Three Month Update
I honestly can’t believe that I have already been here in Stellenbosch, South Africa for three months! In such a short time, I’ve already had the privilege of: coaching several futsal games, refereeing for a tournament, washing little kids feet, playing professional soccer, leading a bible study, learning Afrikaans, driving stick shift, breaking my wrist, climbing a mountain, and eating springbok and ostrich. The time has flown by!
The first month in January mainly involved settling in to my flat, adjusting to the new time zone, and preparing for the coaching season with “training4changeS.” Absolutely nothing went according to plan, but this is Africa… so nothing ever goes according to plan. Flexibility has been a much needed character trait that I have had to quickly develop along this journey. One of the biggest differences between the USA and South Africa is that we are more “task oriented” while the Afrikaans communities are more “people oriented.” This basically means that it’s cool to show up two hours late to a meeting or miss a practice because you saw a friend walking down the road and you stopped to make conversation. It also means that it takes forever to get things done, yet even though that drives me absolutely crazy, I have been able to invest more deeply in relationships with the people around me.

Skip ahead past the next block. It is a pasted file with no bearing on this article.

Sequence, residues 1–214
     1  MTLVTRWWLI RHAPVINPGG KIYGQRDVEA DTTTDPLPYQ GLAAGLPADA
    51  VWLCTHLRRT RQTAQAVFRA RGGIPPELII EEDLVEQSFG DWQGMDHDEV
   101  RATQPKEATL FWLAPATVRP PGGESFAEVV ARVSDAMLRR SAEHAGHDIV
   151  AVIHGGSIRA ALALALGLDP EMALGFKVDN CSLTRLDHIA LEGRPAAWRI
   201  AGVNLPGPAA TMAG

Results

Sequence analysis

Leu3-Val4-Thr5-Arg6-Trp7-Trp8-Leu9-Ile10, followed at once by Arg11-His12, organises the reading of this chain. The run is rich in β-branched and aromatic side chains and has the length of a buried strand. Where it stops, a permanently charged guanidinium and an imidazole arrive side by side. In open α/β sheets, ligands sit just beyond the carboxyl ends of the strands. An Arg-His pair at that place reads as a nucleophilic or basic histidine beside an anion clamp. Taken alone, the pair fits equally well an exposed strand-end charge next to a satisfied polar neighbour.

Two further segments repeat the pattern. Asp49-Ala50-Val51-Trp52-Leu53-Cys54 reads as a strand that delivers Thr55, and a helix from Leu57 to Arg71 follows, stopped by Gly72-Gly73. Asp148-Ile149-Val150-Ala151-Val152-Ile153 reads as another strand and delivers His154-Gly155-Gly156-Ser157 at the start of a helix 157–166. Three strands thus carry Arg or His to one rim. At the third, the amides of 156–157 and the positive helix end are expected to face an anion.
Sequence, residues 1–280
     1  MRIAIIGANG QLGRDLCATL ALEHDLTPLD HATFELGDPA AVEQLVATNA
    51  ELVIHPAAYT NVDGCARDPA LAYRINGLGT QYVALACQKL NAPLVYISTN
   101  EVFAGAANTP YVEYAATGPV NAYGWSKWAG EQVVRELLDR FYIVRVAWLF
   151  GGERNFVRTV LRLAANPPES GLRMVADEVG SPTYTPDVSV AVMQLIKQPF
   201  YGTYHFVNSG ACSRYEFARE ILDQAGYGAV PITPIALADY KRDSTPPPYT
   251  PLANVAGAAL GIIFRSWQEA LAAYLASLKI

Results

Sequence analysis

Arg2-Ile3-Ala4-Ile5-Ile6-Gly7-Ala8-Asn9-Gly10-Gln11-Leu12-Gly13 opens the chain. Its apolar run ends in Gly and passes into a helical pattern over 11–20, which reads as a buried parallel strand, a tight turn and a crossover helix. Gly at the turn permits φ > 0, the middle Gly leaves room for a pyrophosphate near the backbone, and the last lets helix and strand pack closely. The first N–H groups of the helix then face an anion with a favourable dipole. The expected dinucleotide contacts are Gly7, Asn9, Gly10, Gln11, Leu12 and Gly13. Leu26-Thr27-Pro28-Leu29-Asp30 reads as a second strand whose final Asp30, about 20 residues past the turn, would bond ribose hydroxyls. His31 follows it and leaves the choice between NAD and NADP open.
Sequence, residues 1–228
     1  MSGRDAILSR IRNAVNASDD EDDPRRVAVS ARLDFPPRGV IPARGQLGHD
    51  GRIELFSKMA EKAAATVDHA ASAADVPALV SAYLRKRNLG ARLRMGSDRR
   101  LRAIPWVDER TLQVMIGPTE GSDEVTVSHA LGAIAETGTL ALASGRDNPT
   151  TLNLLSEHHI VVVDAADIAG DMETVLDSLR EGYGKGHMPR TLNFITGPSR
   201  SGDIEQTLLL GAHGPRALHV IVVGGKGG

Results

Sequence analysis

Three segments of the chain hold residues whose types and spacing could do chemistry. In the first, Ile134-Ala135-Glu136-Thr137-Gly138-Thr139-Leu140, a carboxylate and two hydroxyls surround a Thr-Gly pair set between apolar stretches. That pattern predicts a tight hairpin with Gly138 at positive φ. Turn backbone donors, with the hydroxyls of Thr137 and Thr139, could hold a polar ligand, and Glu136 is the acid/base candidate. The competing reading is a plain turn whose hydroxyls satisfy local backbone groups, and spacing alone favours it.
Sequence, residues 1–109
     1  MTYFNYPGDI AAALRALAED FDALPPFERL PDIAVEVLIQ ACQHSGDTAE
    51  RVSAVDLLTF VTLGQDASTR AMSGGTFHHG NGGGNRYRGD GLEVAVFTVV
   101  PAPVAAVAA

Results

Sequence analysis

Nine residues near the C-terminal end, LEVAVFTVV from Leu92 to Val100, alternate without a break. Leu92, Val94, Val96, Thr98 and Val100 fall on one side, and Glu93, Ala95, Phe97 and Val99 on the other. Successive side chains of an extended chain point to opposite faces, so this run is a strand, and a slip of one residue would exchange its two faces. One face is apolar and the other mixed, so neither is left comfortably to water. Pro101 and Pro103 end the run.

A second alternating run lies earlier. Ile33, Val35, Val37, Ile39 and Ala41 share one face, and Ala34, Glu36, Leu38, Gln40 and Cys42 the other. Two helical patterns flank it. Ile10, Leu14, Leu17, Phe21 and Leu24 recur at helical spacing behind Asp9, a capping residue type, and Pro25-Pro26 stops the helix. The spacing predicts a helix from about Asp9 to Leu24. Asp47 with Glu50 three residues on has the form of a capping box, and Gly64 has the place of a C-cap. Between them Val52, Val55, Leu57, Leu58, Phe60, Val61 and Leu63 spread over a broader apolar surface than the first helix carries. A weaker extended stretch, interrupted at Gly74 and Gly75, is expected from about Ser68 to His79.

Coaching the girl’s futsal team has been difficult and challenging. The girls aren’t as committed as girls in the States, and females in sport aren’t taken as seriously as the men. We have to hop over the hurdles of language barriers, discipline problems, low self esteems, commitment issues, bad behavior, and alcohol/drug abuse. I have to admit though, it’s worth every second. If I can impact the life of one of my players by showing them the love and grace of Jesus, it’s worth all of the hardships that I will ever face. The girls love teaching me Afrikaans as well! One of my favorite things is how the girls greet each other. They say, “Aweh (away) Ma (mah) Se (suh) Kind (kint)!!!” which basically means “whats up mother’s child??” I love it. Fair warning, I am bringing that greeting back to the states with me.
During the second month of my journey, I made the Stellenbosch Maties Professional Women’s Soccer team. Within days I fell in love with my teammates and felt accepted as a part of the “Matie family.” Everyone is so different, but we all have the same heartbeat, and that is what unites us. Every girl on my team has a unique story and cultural background, so there is always something new to learn from one another.
This third month, I was blindsided by a soccer injury. I fractured my wrist at practice and needed to go to the hospital for an emergency surgery. This was totally unplanned as you can probably imagine. I am in the stages of recovery, and I am receiving physical therapy for my wrist (which is going great!). I have to say, I am incredibly blessed that South Africa has amazing medical facilities and doctors! My African insurance covered 80% of the medical costs, and I should be back out on the soccer field in about 6 weeks. However, I will from now on… raise suspicions and alarms when I walk through the airport security lines because of the metal screws in my wrist (traveling should be fun).